Thank you to Lisa Crognale of Lightning Strikes for this guest post.
Just like every other North American family, our family has been capitalizing on these first few warm spring days. After being cooped-up inside for an entire winter, these days are so delicious. So, it was the first time we have seen our daughter Mia, outside for quite awhile. She was not impressed. She stood inside peering out at us through the sliding glass door. Every minute or so she would stick a foot out, let it touch the deck, then jump back in while screaming. It was as if she wanted to experience it, but her fear was holding her back.
She did this stick a foot out and run back in thing for about five minutes. My son Nick and I, already playing outside, steadily coaxed her out by cheering for her and saying, “Come on out you will be fine!”. Finally, she made it completely out onto the deck. She looked down at us smiling and laughing. Guess she realized she would not vaporize or melt in the mid-day sun.
Then she really hit her stride. She came down the steps and into the backyard! As she entered the backyard, I really started to watch her to see what she would do. Last year at this time, we were just starting to realize that Mia might have autism. She would pace back and forth over the stones in the landscaping, or sit and play in the dirt instead of engage with her siblings. She was terrified of the swing, and could only tolerate the slide. I remember watching her from inside the house, picking apart each aspect of her behavior. I tried to rationalize the autism away by telling myself she is a girl, not a rough and tumble boy like I was used to. There was no escape from her impending autism diagnosis. I tried to reject it, but very slowly had to accept it instead.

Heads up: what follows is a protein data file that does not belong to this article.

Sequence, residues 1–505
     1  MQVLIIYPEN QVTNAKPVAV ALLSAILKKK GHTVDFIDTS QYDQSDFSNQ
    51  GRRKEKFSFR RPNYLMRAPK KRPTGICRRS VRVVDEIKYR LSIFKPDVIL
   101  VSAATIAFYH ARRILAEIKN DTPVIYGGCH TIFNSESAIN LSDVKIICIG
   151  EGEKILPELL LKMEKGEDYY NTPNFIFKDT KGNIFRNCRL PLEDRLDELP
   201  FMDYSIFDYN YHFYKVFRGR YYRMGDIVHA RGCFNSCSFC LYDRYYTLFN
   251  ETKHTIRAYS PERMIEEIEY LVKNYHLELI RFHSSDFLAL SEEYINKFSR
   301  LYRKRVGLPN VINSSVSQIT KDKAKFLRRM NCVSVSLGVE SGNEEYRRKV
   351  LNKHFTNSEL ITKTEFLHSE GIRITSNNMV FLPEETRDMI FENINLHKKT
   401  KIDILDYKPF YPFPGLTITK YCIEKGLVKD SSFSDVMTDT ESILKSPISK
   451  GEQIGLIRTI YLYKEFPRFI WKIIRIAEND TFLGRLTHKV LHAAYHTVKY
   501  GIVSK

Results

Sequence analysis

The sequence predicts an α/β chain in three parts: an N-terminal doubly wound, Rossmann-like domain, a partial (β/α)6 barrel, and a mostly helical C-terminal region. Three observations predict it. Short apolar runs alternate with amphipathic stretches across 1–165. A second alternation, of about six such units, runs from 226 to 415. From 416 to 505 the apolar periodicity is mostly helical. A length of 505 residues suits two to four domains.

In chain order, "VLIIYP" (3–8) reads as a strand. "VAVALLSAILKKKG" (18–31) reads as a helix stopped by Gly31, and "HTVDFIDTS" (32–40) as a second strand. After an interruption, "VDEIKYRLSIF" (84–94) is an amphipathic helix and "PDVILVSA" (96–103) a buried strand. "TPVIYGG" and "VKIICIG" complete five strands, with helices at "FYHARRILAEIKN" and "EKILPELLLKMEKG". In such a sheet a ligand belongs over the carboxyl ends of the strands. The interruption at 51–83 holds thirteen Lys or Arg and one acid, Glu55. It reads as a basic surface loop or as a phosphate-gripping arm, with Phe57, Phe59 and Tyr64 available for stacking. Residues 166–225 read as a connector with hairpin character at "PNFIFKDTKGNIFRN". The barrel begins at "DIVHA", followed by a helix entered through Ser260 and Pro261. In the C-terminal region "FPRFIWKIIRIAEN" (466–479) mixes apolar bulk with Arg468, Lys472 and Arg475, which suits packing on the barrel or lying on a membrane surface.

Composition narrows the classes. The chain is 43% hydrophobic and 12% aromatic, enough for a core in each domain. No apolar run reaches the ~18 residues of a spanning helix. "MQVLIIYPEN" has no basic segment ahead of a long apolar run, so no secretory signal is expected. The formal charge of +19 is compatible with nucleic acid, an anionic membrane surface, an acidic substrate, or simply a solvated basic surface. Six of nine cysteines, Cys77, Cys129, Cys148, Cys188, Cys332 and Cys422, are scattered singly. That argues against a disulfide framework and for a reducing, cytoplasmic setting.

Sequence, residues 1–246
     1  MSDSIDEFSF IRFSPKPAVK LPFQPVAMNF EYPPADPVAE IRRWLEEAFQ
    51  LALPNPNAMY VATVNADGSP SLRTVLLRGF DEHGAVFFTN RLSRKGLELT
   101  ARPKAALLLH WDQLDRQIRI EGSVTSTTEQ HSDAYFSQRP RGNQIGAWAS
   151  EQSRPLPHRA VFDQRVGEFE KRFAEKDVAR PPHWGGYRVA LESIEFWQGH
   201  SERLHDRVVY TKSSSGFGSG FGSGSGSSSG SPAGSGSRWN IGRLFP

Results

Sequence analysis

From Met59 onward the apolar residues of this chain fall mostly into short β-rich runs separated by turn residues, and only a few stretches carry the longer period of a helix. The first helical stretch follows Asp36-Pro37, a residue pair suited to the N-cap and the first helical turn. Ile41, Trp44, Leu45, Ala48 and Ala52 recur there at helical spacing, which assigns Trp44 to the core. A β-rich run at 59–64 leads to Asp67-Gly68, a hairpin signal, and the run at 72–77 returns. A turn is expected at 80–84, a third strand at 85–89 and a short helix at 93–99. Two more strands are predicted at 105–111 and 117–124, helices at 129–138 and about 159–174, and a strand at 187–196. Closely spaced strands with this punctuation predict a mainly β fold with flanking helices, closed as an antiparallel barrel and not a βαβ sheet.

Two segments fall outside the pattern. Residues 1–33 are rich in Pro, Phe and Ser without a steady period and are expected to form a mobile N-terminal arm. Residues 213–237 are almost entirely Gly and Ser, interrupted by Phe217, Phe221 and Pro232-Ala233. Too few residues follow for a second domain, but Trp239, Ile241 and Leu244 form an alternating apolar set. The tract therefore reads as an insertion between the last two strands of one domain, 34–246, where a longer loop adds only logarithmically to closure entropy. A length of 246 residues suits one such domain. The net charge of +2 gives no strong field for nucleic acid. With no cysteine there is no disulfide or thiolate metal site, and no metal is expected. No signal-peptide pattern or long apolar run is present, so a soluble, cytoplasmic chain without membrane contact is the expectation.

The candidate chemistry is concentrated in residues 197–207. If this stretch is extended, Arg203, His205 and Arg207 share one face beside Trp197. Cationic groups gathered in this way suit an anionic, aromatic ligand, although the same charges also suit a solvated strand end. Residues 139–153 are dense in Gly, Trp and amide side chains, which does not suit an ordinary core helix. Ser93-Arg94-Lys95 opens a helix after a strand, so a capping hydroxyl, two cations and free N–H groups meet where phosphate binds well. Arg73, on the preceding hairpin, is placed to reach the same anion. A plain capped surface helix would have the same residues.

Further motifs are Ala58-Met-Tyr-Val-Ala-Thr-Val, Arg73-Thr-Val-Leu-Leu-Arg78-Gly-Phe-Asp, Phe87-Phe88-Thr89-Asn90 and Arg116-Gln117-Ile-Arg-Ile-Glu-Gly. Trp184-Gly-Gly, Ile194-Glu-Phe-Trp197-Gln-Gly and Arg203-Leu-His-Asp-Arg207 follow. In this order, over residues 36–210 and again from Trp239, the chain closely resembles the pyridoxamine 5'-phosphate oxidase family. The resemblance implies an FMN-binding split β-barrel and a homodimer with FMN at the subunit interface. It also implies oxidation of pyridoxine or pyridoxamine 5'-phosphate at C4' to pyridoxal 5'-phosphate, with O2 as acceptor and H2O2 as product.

And here we are almost a year later. Mia is making progress every day. She is becoming far less anxious and much more exploratory. She is just beginning to use her language more, and sometimes puts two and for the first time yesterday THREE words together! It happened while outside of all places. I was pulling her in her wagon when I heard it. At first it was only a whisper. I had to stop and really listen to make sure I heard it. Then she said it a bit louder, “go faster Mommy.” Without realizing it, I had come to a complete stop while staring at her. She glanced back at me and said it again louder, “go faster Mommy!” So boy let me tell you I went fast. We went in circles through our backyard speeding up and slowing down. I had such fun with her. I look forward to celebrating more of her successes alongside her. That’s the thing about autism. It teaches you to celebrate and appreciate every little accomplishment. To take nothing for granted, an important lesson for all parents everywhere.
Lisa Crognale is a former school counselor turned full- time mom of three. Two of her children have autism, one of whom also battled brain cancer. You can read more of her writing on her blog, Lightning Strikes.
Melanie Mayo-Laakso is the Content Manager for Mothering.com. Mothering is the birthplace of natural family living and attachment parenting. We celebrate the experience of parenthood as worthy of one's best efforts and are at once fierce advocates for children and gentle supporters of parents.